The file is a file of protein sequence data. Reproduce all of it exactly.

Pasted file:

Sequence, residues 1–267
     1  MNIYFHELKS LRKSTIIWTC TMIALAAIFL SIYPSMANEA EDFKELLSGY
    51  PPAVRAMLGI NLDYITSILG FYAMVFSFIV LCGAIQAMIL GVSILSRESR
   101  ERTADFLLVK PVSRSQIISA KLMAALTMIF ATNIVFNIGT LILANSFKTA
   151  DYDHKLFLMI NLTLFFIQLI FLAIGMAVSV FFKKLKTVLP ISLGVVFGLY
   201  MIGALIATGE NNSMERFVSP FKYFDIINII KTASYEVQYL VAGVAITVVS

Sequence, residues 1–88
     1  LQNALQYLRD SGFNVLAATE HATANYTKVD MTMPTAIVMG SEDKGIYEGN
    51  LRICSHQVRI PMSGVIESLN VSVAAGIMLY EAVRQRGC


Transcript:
Sequence, residues 1–267
     1  MNIYFHELKS LRKSTIIWTC TMIALAAIFL SIYPSMANEA EDFKELLSGY
    51  PPAVRAMLGI NLDYITSILG FYAMVFSFIV LCGAIQAMIL GVSILSRESR
   101  ERTADFLLVK PVSRSQIISA KLMAALTMIF ATNIVFNIGT LILANSFKTA
   151  DYDHKLFLMI NLTLFFIQLI FLAIGMAVSV FFKKLKTVLP ISLGVVFGLY
   201  MIGALIATGE NNSMERFVSP FKYFDIINII KTASYEVQYL VAGVAITVVS

Sequence, residues 1–88
     1  LQNALQYLRD SGFNVLAATE HATANYTKVD MTMPTAIVMG SEDKGIYEGN
    51  LRICSHQVRI PMSGVIESLN VSVAAGIMLY EAVRQRGC